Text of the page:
• References

Chapter 25. Snacking and Energy Balance in Humans

  • Abstract
  • I Introduction
  • II Definition of Snacking
  • III Prevalence of Snacking
  • IV Snacking and Type of Food Consumed
  • V Snacking and Energy Balance
  • VI Snacking as Part of a Healthy Diet
  • VII Conclusions
  • References

Part D: Cardiovascular Disease

Chapter 26. Genetic Influences on Blood Lipids and Cardiovascular Disease Risk

  • Abstract
  • I Introduction
  • II Representative GWAS
  • III Development of Cardiovascular Score
  • Acknowledgments
  • References

Chapter 27. The Role of Diet in the Prevention and Treatment of Cardiovascular Disease

  • Abstract
  • I Introduction
  • II Effects of Macronutrients on CVD Risk Factors
  • III Evidence-Based Dietary Patterns for Reducing CVD Risk
  • IV Conclusions
  • References

Chapter 28. Nutrition, Lifestyle, and Hypertension

  • Abstract
  • I Introduction
  • II Micronutrients
  • III Macronutrients
  • IV Other Foods and Dietary Factors
  • V Dietary Patterns
  • VI Weight Reduction and Multilifestyle Modification
  • VII Current Recommendations and Implementation
  • VIII Summary
  • References

Part E: Diabetes Mellitus

Chapter 29. Genetics and Diabetes

  • Abstract
  • I Introduction
  • II Diagnosis of Diabetes and Nongenetic Risk Factors
  • III Heritability and Monogenic Forms of Diabetes
  • IV Linkage Analysis and Candidate-Gene-Based Association Studies
  • V GWAS of Type 2 Diabetes
  • VI GWAS of Type 2 Diabetes-Related Quantitative Traits
  • VII Fine-Mapping of Identified Type 2 Diabetes Loci
  • VIII Sequencing and Rare Variants
  • IX Genetic Risk Score and Prediction Model for Type 2 Diabetes
  • X Gene–Environment Interactions in Type 2 Diabetes and Diabetes-Related Traits
  • XI Challenge and Future Direction
  • XII Summary
  • References

Chapter 30. Obesity and the Risk for Type 2 Diabetes

  • Abstract
  • I Introduction
  • II Diagnostic Criteria for Obesity and Diabetes
  • III Epidemiological Evidence for a Relationship of Obesity and Diabetes
  • IV Prevention of Diabetes by Preventing Obesity
  • References
  • Further Reading

Chapter 31. The Role of Diet in the Prevention and Treatment of Diabetes

  • Abstract
  • I Introduction
  • II Diagnostic Criteria and Diabetes Categories
  • III MNT for Diabetes Prevention and Treatment
  • IV Approaches to Treat Comorbidities and Reduce Complications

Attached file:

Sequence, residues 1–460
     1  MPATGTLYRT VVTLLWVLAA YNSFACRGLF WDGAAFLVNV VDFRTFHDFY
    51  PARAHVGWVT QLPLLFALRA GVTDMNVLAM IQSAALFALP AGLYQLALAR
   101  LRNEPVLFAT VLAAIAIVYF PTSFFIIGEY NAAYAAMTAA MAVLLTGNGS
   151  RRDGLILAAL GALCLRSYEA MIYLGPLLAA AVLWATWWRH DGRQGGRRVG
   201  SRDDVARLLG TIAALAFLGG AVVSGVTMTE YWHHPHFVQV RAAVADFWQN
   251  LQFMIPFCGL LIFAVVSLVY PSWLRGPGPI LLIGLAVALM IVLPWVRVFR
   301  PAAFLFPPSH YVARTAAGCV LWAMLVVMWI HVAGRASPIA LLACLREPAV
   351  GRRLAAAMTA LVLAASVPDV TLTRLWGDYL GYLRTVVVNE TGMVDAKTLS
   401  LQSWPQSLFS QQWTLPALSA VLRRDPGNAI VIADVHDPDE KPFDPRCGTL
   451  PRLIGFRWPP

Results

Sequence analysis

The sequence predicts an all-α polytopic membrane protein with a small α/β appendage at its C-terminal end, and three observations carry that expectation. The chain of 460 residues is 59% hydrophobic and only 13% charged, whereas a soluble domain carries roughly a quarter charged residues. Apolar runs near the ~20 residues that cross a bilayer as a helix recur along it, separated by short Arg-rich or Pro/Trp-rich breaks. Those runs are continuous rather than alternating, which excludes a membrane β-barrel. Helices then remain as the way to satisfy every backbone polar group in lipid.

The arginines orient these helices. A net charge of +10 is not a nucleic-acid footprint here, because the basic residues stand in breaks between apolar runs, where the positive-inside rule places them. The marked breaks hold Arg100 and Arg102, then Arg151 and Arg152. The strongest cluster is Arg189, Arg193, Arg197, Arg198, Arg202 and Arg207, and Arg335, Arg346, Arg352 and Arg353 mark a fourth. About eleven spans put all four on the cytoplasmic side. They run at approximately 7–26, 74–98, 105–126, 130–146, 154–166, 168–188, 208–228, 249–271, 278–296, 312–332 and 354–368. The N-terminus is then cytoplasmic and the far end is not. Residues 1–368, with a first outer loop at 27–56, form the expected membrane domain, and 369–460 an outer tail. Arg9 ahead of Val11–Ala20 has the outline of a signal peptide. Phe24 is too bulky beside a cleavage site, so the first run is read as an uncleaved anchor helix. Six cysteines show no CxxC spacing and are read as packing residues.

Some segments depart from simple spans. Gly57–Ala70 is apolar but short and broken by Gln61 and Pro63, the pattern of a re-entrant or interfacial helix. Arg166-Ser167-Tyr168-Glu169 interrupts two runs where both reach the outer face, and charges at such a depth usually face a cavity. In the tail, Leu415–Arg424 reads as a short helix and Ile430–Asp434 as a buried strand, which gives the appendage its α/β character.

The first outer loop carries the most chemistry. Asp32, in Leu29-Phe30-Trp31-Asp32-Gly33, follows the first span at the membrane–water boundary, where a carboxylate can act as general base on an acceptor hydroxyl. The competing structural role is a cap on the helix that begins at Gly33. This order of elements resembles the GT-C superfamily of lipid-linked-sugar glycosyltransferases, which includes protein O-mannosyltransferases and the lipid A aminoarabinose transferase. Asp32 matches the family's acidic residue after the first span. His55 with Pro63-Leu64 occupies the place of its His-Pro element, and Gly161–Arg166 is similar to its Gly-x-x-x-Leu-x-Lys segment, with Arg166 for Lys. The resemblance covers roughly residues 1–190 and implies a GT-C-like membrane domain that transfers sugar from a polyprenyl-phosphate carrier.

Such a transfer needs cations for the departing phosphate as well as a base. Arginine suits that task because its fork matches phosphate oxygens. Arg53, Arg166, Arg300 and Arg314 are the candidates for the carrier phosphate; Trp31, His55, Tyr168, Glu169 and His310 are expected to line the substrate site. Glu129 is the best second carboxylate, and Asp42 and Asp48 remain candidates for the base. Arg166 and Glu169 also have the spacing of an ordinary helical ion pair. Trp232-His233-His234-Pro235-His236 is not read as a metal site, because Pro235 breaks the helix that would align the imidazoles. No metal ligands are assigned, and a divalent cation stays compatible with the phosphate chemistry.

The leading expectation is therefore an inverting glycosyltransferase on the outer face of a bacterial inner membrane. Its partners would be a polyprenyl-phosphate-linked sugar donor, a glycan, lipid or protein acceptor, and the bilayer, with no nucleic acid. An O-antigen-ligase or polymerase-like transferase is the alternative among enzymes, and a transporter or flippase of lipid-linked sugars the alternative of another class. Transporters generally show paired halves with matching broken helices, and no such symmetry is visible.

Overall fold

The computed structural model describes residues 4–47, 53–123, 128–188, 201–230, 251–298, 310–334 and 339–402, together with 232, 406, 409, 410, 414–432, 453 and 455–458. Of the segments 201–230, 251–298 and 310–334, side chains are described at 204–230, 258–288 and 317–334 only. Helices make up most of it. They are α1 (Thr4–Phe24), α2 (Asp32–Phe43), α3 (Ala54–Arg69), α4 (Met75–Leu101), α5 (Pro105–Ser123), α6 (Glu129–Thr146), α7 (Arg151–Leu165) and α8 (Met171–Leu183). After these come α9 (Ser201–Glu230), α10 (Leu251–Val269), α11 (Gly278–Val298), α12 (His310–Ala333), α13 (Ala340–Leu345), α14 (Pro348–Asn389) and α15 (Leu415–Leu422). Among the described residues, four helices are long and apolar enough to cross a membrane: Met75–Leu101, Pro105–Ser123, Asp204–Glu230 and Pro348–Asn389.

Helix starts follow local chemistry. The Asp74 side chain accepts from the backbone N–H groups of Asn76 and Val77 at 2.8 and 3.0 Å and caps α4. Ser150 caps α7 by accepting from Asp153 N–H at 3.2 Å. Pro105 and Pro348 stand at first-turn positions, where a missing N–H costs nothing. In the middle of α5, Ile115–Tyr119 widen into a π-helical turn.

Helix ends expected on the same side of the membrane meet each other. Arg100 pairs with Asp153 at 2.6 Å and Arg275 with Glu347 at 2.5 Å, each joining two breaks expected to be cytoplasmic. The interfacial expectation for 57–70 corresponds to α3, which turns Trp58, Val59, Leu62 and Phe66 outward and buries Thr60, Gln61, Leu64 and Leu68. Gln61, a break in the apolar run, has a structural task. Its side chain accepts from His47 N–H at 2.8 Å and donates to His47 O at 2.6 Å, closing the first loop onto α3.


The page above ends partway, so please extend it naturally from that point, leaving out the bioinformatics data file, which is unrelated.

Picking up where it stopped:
• V Nutrient Intake Considerations
  • VI Collaborative Efforts for Diabetes Prevention and Treatment
  • VII Conclusion
  • References

Chapter 32. Nutritional Management for Gestational Diabetes

  • Abstract
  • I Introduction
  • II Prevalence
  • III Risk Factors
  • IV Complications Associated with GDM
  • V Screening and Diagnosis
  • VI Weight Gain in Pregnancy
  • VII Monitoring in Pregnancy
  • VIII Nutrition Management
  • IX Physical Activity
  • X Pharmacological Therapy
  • XI Diabetes Self-Management Education and Behavioral Approach
  • XII Postpartum
  • XIII Conclusion
  • References

Part F: Cancer

Chapter 33. Interaction of Genetic Factors With Nutrition in Cancer

  • Abstract
  • I Introduction
  • II Background and Definitions
  • III Mechanisms of Diet–Gene Interactions
  • IV Methodological Issues
  • V Diet–Gene Interactions and Cancer
  • VI Future Directions
  • References

Chapter 34. Nutrition and Cancers of the Breast, Endometrium, and Ovary

  • Abstract
  • I Introduction
  • II Breast Cancer
  • III Endometrial Cancer
  • IV Ovarian Cancer
  • V Summary and Conclusion
  • References

Chapter 35. Nutrition and Prostate Cancer

  • Abstract
  • I Introduction
  • II Descriptive Epidemiology of Prostate Cancer
  • III Studies of Diet in Relation to Prostate Cancer
  • IV Genetics and Gene–Environment Interactions
  • V Conclusions and Implications for Prevention and Treatment
  • References

Chapter 36. Nutrition and Colon Cancer

  • Abstract
  • I Introduction
  • II Fruits, Vegetables, and Legumes
  • III Meat
  • IV Milk and Dairy Foods
  • V Whole Grains
  • VI Beverages
  • VII Summary
  • References

Part G: Gastrointestinal Health and Disease

Chapter 37. Intestinal Microbiota and Diet in Health

  • Abstract
  • I Introduction
  • II Distribution and Diversity of the Human Intestinal Microbiota
  • III Bacterial Colonization, Succession, and Metabolism
  • IV Functions of the GI Tract Microbiota
  • V Methodology for Studying Intestinal Microbiota
  • VI Influence of Diet on Intestinal Microbiota
  • VII Microbiome-Associated Biomarkers
  • VIII Challenges in the Field
  • References

Chapter 38. Gut Microbial Metabolism in Health and Disease

  • Abstract
  • I Introduction to the Gut Microbiota
  • II Conclusion
  • References

Chapter 39. Nutritional Management of Inflammatory Bowel Disease and Short Bowel Syndrome

  • Abstract
  • I Inflammatory Bowel Disease
  • II Short Bowel Syndrome
  • III Conclusions
  • References

Chapter 40. Nutrient Considerations in Lactose Intolerance

  • Abstract
  • I Introduction
  • II Lactose in the Diet
  • III Digestion of Lactose
  • IV Loss of Lactase Activity
  • V Diagnosis of Lactose Maldigestion
  • VI Lactose Maldigestion and Intolerance Symptoms
  • VII Lactose Digestion, Calcium, and Osteoporosis